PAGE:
newbie to c++ programming

Discussion in 'C++' started by rahul8143, Apr 25, 2005.

  1. rahul8143

    rahul8143 Guest

    hello,
    I am newbie in c++ and want to have good proggramer in it. I want
    to ask some question
    1)I downlaoded some .cpp files and found some have iostream.h while
    some have only
    #include <iostream>
    using namespace std;
    whats difference between them?
    2) former include works in turbo C++ compiler but later not works why??
    3) which is most used good debugging facility provider compiler for
    Windows and Linux to do c++ programming?
    4) Also in world C++ programming mean its console based programming or
    visual c++ programming?
    5) which is mostly used way to do c++ programming on console(Dos based)
    or on windows?
    Thanks,
    rahul
     
    rahul8143, Apr 25, 2005
    #1
    1. Advertisements

  2. rahul8143

    Phlip Guest

    Two suggestions:

    Prep all these questions with http://groups.google.com . Most of them get
    asked quite frequently.

    Buy a book on C++, made of paper, in a bookstore, the kind with coffee and
    stuff. Then sit around and read it, for a long time, cover to cover if
    possible, before proceding.
     
    Phlip, Apr 25, 2005
    #2
    1. Advertisements

  3. * :
    <iostream> is a standard header.

    Because it was a pre-standard convention.

    ?

    Anyway, debugging philosophy is different in Windows and Linux. In
    Linux it's not unusual to inspect a core dump, a static picture of
    the program's state when it crashed. In Windows dynamic debugging
    is the norm, almost no-one examines core dumps (except Microsoft).

    That's not a meaningful distinction.

    Again, that's not a meaningful distinction.
     
    Alf P. Steinbach, Apr 25, 2005
    #3
  4. rahul8143

    tony_jeffs Guest

    Hi Rahul
    I'm a beginner too,
    #include<iostream> is the current standard, and the proper way to do
    it. <iostram.h> is out of date, but still works.
    You have to learn console based first, to get to understand the code.
    The Best book, with sometimes a steep learning curve, is Accelerated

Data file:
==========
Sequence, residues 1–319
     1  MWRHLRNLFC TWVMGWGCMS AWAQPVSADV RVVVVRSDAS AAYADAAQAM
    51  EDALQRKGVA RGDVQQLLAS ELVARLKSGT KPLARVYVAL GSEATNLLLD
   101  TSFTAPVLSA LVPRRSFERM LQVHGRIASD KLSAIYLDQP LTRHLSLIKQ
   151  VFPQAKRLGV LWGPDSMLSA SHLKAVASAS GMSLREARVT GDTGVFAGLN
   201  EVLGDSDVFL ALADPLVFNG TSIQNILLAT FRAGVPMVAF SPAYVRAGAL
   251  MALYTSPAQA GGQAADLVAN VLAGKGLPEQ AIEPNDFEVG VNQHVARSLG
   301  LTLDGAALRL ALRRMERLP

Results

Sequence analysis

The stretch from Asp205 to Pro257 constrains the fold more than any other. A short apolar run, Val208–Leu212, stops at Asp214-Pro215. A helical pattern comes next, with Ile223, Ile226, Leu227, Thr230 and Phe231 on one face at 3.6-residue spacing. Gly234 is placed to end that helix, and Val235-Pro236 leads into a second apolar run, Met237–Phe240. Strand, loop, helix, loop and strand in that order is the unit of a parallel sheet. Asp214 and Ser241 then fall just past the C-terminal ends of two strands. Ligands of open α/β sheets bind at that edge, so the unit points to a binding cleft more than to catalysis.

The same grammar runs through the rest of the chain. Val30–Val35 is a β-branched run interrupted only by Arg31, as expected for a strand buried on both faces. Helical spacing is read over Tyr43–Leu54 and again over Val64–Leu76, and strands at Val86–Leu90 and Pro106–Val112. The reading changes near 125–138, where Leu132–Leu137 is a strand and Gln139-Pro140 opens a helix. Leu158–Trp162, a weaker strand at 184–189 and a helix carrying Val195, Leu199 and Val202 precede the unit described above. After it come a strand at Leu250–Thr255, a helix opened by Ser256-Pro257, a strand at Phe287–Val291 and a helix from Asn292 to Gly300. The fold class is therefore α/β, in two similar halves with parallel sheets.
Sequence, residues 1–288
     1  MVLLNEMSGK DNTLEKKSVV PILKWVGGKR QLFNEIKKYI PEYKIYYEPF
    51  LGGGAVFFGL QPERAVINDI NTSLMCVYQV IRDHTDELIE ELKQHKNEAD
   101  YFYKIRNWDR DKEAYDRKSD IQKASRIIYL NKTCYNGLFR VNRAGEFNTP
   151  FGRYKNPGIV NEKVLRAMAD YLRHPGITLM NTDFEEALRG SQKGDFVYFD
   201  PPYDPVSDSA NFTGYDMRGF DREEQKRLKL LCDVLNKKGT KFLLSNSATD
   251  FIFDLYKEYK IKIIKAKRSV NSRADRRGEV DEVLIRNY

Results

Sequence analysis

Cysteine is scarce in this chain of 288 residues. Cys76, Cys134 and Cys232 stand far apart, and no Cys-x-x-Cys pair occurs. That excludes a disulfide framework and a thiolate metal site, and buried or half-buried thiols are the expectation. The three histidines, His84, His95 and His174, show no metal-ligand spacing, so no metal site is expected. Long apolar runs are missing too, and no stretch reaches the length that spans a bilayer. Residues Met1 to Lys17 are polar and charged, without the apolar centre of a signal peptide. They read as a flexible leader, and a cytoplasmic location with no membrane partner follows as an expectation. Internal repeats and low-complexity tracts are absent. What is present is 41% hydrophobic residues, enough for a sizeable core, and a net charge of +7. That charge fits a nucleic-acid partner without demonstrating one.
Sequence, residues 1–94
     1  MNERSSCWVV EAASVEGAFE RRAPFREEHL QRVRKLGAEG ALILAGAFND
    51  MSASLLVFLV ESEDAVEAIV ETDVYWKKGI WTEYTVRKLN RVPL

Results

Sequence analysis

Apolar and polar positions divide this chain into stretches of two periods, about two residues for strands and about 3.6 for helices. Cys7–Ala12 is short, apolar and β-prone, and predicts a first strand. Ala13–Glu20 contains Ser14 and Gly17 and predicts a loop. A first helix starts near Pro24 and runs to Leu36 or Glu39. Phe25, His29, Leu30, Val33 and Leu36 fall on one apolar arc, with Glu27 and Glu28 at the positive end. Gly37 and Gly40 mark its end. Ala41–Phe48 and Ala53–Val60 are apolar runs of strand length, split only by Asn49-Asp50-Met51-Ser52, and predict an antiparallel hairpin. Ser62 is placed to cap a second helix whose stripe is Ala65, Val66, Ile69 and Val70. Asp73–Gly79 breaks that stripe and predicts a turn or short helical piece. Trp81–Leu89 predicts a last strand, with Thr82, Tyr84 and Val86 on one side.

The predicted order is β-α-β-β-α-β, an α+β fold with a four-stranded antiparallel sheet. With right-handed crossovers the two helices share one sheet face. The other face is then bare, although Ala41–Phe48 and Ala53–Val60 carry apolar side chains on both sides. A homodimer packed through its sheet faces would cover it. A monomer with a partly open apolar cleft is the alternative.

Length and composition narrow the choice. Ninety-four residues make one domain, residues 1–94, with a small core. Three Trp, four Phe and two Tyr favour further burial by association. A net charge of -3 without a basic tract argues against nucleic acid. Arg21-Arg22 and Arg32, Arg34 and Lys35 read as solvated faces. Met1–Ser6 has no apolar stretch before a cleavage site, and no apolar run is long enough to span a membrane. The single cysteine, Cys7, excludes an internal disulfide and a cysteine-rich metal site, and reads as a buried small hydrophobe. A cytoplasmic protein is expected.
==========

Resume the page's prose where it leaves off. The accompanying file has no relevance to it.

C++ by
    Andrew Koenig and Barbara Moo.
    And this website is good too for extra help.
    http://cplus.about.com/od/beginnerctutorial/l/blcplustut.htm.

    There are discrepencies between different compilers as you've noticed.
    There is a website for the book which tells you what minor adjustments
    you need to make to get code working in different compilers
    www.acceleratedcpp.com

    I'm using Microsoft Visual C++6 to write console programs. The
    software is
    fairly intuitive.
    You can get the newer version as a free beta from Microsoft, but I
    find it confusing to use.

    If you doget the book Accelerated C++, I'll work through it with you
    if you want.
    ....or even if you get a different book, I'd like to work through this
    learning process with you & people at a similar level, so I don't bore
    the experienced programmers too much.
    The book is thin enough to take on the train, but has more information
    in it than the 'brick' sized books.
    Chapter 4 was very tough. Chapter 5 is where I'm up to and is a
    breeze. Hopefully it gets easier.

    Tony
    9(yes the number not the word)at tonyjeffs dot com
     
    tony_jeffs, Apr 25, 2005
    #4
    1. Advertisements

Ask a Question

Want to reply to this thread or ask your own question?

You'll need to choose a username for the site, which only take a couple of moments (here). After that, you can post your question and our members will help you out.